Annotated Bib Entry

Knoblock, Jacquelyn. “Gender And Violence.” Human Architecture: Journal of The Sociology of Self-Knowledge 6.2 (2008): 91-101. SocINDEX with Full Text. Web. 17 Mar. 2015.

In this article, Knoblock explores “how gender ideologies and practices contribute to gender based violence” (91). She discusses issues such as the process by which human beings are classified as male or female, the stratification of genders in which “men are ranked above women within the same race and class,” and the structure of our society that dictates gender roles and determines whether certain tasks – for example, household chores – are considered by society as either male or female. Knoblock then connects these elements to the prevalence of gender based violence in American society.

women meme

Women are nine times less safe in the home than out of it.

Throughout the history of the world, and the United States, gender based violence has been widely considered to be a personal issue rather than a societal issue. Gender based violence occurs most often in situations where the perpetrator maintains the perception that he has the right to behave in a violent manner toward the victim. In the United States, this most often occurs within the context of an intimate partner relationship and thus has often been viewed as a private matter. This view has often lead bystanders to ignore the violence, believing that it is “none of their business.” Read the rest of this page »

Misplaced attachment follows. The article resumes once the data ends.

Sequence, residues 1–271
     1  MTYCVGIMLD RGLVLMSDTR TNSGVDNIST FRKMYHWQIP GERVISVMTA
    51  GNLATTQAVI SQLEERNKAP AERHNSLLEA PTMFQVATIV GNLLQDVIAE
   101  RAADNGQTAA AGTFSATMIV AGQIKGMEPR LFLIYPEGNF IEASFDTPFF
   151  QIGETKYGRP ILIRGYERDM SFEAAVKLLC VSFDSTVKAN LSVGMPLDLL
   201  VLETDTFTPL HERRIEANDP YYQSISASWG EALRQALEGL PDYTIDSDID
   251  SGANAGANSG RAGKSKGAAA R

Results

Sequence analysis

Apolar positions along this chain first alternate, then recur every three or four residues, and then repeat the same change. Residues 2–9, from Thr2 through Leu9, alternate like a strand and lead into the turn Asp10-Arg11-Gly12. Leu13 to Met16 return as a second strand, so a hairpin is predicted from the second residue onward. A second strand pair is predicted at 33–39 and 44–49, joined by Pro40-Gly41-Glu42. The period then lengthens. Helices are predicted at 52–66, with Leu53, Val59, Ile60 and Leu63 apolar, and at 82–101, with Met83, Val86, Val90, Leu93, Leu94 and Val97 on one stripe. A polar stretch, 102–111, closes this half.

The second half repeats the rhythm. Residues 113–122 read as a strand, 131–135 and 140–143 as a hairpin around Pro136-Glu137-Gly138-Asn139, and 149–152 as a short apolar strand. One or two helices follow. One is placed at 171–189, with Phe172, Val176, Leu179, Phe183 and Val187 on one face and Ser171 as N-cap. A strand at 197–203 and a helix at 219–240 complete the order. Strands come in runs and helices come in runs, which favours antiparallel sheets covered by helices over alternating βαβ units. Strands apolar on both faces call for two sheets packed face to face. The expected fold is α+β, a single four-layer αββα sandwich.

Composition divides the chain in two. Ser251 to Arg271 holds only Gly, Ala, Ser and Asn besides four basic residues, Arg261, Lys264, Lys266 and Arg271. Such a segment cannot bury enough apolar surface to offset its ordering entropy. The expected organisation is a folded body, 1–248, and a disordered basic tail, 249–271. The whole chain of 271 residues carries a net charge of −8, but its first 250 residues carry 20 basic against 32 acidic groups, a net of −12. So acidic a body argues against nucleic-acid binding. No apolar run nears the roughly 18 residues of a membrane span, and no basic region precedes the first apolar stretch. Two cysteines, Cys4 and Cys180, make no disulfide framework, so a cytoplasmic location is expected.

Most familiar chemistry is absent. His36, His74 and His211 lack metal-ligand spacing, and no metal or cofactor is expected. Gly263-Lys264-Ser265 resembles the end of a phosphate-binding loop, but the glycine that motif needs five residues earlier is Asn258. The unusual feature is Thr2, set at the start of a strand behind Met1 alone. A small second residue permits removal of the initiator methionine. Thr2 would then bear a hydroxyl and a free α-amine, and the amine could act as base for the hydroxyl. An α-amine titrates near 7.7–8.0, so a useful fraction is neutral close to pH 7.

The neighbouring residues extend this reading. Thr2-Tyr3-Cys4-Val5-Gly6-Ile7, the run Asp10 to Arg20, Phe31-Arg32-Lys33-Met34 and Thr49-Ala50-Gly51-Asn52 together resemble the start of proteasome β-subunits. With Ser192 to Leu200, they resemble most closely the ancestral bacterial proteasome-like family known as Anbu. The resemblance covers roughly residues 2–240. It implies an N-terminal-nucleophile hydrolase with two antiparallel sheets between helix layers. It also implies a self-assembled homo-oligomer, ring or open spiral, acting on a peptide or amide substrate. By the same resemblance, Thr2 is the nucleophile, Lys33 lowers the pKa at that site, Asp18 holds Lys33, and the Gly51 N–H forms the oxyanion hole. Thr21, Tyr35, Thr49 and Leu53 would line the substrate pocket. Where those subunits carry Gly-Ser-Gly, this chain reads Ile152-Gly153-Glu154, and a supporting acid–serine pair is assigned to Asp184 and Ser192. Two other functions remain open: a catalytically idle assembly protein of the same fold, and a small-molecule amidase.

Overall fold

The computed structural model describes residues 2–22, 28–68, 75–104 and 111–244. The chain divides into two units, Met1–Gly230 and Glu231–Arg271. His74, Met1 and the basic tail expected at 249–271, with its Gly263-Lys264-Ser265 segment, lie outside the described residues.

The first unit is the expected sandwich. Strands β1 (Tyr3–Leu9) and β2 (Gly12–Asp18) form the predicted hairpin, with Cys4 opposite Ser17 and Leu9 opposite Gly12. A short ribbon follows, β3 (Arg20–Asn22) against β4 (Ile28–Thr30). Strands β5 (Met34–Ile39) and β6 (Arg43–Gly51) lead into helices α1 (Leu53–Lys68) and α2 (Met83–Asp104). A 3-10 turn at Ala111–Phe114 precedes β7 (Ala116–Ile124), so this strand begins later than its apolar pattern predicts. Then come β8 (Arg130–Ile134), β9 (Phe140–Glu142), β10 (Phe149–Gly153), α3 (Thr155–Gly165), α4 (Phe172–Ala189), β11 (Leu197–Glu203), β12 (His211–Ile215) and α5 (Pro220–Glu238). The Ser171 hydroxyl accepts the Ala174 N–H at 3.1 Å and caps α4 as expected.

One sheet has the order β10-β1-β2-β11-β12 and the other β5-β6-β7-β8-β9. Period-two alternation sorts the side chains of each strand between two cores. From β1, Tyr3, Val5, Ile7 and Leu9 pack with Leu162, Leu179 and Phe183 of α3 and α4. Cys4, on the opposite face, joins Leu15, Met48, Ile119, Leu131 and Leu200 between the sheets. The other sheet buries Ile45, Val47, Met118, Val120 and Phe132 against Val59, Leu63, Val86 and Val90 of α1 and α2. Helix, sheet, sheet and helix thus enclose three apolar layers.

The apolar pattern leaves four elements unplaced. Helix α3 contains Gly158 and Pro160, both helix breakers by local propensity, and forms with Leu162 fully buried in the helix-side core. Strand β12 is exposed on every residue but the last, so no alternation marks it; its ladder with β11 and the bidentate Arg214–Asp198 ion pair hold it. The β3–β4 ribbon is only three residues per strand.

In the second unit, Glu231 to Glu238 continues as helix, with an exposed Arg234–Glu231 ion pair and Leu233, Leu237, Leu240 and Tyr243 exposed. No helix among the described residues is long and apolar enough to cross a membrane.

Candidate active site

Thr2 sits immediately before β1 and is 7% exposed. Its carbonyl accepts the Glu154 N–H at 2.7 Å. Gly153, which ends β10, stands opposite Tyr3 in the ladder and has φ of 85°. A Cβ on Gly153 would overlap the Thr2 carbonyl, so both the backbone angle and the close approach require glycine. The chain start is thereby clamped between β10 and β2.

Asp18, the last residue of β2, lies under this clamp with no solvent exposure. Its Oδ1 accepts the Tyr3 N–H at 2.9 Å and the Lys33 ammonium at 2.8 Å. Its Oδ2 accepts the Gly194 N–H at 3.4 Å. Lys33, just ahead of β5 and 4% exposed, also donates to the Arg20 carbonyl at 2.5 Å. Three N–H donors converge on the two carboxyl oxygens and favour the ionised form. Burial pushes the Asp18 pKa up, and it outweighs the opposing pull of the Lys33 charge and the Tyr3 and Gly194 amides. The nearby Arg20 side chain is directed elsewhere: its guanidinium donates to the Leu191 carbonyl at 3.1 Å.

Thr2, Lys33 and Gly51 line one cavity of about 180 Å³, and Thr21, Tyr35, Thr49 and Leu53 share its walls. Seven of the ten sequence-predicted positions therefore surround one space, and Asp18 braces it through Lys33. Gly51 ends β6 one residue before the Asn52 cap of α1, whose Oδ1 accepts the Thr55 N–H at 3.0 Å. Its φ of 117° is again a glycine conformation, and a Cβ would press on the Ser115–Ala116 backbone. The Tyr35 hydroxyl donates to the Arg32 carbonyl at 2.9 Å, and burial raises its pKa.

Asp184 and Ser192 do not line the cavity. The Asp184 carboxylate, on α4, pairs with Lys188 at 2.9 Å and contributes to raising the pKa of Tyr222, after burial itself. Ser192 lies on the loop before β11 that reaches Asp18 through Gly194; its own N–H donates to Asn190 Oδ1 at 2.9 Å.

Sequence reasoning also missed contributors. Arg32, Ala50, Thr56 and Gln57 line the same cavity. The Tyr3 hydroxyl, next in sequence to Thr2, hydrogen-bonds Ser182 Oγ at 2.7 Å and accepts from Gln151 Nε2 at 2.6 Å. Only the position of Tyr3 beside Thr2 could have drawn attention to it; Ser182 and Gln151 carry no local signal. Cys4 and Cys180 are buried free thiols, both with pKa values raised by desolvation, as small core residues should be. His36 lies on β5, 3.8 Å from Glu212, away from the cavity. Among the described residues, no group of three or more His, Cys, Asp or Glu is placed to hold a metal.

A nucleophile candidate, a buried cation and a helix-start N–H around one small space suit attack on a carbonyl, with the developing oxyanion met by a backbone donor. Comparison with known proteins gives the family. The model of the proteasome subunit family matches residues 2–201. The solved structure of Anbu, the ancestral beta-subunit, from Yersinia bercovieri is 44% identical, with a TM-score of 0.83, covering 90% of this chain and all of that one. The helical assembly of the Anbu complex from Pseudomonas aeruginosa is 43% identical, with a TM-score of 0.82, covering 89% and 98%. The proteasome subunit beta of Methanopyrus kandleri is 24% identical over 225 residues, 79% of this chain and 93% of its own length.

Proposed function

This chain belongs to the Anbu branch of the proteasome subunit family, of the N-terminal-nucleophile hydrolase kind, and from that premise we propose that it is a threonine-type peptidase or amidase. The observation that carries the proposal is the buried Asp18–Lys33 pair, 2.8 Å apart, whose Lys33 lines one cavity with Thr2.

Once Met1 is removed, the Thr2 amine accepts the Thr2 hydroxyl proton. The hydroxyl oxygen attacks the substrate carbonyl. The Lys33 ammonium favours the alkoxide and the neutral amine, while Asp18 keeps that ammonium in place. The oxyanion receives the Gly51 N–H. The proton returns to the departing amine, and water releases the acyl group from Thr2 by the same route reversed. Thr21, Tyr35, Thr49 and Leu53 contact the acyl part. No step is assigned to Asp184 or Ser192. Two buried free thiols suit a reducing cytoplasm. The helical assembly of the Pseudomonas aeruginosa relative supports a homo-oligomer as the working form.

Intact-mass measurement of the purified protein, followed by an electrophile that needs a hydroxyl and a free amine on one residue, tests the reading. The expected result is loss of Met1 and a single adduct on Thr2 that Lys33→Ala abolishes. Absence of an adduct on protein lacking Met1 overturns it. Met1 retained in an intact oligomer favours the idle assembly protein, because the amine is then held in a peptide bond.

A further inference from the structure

Annotated Bib: “Toward a Writing and Healing Approach in the Basic Writing Classroom: One Professor’s Personal Odyssey.”

Basic writing

Basic writing (Photo credit: Wikipedia)

This week’s Annotated Bibliography entry analyzes an article by Molly Hurley Moran, a composition teacher who learned the importance of incorporating personal writing in the classroom after writing a memoir about a personal tragedy in her own life. You may view the full text here.

Annotated Bib Entry

Moran, Molly Hurley. “Toward a Writing and Healing Approach in the Basic Writing Classroom: One Professor’s Personal Odyssey.” Journal of Basic Writing 23.2 (2004): 93-115.Communication & Mass Media Complete. Web. 4 Mar. 2015.

After writing a memoir about a tragic experience in her own life, this writing teacher decided to explore the usefulness of using personal writing in a basic composition course rather than focusing solely on academic writing. In her redesigned curriculum, Moran asks students to write about personal and often painful experiences in their own lives in an effort to improve students’ confidence in their writing skills prior to moving the focus to academic writing. Read the rest of this page »